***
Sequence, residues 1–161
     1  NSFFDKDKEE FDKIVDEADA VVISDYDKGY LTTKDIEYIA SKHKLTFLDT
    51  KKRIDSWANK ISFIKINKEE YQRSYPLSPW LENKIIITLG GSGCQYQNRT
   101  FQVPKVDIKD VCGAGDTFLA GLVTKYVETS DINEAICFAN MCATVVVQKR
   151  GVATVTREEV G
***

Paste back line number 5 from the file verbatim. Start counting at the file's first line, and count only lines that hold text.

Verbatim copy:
   151  GVATVTREEV G